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In addition to appearing in a Star Wars movie (no big deal!), the woman also known as Solo‘s sarcastic droid L3-37 is a playwright who created two recent peak TV sensations: BBC America’s spy thriller Killing Eve and Amazon’s dark dramedy Fleabag (in which she also starred). Season 2 of Fleabag is on deck (it films in London this summer), and Killing Eve scored an early renewal (and is a serious contender for award consideration). She’s also got a pilot in the works at HBO.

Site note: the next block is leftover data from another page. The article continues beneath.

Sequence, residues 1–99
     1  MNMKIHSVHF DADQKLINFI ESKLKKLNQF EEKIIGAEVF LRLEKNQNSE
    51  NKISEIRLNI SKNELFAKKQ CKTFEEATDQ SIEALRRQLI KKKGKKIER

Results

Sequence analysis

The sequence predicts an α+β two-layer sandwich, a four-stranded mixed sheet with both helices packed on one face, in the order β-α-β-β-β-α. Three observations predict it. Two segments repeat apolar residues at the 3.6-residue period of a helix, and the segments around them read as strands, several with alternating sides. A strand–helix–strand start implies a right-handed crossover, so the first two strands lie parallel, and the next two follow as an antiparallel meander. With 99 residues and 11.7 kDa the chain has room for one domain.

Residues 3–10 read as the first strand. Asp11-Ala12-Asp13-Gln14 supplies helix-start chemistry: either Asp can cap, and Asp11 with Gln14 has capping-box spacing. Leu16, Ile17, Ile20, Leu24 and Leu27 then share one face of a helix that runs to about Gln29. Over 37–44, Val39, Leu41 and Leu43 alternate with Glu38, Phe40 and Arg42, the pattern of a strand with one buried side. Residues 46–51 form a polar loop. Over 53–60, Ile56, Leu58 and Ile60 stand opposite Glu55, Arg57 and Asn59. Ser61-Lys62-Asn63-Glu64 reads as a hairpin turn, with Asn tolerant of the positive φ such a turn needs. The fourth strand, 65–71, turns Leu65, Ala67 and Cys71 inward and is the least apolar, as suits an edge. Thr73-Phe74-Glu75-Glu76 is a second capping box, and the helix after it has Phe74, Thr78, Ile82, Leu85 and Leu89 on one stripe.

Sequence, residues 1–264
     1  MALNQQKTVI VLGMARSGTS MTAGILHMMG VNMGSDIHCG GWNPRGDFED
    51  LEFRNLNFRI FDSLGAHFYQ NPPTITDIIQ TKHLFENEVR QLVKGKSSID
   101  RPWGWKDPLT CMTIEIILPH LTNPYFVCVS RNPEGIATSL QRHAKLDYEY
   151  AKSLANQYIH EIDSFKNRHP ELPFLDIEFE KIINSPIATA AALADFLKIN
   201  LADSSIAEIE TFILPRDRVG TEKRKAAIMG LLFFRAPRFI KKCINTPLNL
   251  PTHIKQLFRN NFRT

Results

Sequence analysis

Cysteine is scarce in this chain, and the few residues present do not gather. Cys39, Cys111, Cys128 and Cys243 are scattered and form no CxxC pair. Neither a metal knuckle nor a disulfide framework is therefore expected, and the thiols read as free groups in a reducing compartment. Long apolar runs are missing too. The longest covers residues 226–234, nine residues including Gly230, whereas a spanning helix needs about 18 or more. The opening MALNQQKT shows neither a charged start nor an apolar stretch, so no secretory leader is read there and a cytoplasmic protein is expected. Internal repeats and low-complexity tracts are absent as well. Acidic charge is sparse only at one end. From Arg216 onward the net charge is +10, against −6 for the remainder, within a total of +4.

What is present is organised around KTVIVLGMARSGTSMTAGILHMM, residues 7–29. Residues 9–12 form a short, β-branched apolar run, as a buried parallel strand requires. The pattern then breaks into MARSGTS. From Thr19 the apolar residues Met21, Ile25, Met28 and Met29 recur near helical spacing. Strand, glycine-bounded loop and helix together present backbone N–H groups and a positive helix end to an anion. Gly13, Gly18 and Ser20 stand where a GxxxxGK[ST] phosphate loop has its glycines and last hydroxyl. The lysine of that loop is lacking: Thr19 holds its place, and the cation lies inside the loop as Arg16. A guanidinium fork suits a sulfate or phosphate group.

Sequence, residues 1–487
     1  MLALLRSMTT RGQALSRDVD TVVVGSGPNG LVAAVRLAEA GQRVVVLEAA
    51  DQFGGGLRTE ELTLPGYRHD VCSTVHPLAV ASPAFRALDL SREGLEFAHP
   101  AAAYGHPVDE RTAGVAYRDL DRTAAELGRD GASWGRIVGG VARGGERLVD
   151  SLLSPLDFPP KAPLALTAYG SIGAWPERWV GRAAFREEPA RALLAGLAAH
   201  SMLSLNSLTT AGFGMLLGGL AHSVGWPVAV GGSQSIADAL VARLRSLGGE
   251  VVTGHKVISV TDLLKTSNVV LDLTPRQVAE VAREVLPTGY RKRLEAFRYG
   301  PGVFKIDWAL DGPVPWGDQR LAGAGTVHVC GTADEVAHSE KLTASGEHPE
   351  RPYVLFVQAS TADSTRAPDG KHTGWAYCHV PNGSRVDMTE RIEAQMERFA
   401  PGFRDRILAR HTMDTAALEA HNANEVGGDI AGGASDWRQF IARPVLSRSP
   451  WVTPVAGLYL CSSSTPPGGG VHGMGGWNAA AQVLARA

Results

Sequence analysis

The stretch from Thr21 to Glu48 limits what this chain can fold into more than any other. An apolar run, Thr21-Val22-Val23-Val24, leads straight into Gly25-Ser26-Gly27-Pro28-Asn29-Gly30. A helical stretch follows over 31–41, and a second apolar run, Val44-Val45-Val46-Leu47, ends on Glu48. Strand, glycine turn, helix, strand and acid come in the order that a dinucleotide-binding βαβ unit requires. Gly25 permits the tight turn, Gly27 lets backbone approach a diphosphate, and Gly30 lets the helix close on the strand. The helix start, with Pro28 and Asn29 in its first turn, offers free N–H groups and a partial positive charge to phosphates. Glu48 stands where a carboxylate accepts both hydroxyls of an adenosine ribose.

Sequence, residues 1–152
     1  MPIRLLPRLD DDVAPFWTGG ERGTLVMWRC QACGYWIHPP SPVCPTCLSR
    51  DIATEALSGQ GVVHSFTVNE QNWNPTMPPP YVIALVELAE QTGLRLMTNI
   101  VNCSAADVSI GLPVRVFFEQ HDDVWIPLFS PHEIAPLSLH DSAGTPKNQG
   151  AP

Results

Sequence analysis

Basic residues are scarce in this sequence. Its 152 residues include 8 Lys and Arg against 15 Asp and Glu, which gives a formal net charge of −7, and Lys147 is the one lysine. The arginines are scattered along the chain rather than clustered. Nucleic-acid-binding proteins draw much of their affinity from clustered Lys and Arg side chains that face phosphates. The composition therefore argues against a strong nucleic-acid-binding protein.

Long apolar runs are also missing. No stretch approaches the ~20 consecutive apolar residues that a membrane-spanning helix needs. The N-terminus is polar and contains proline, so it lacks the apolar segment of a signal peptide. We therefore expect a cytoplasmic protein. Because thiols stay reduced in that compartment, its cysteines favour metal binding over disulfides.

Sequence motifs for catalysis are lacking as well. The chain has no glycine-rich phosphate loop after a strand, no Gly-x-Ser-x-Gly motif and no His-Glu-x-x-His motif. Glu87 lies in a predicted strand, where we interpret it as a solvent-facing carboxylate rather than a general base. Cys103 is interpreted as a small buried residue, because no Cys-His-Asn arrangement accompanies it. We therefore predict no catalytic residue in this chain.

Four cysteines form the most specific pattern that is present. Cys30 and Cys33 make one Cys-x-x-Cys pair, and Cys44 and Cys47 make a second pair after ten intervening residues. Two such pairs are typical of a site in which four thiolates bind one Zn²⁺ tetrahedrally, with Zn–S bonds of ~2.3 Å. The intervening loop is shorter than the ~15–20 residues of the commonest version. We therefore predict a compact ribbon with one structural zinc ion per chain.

The Oscar winner already has a wide-ranging background: He went from one half of a respected sketch-comedy duo (Key & Peele) to writer and director of one of 2017’s most talked-about movies: his Oscar hit Get Out. It makes sense, then, that the projects Peele is working on next adhere to no specific genre — or even medium. He’s got scripted Nazi drama The Hunt and documentary series Lorena (about the life of Lorena Bobbitt) in the works at Amazon, along with a new deal at Amazon Studios that will see him produce more eclectic content for the streaming service. YouTube also announced that it has given a straight-to-series order for Weird City, a sci-fi and comedy anthology series that will debut on the streamer’s Premium service in 2019.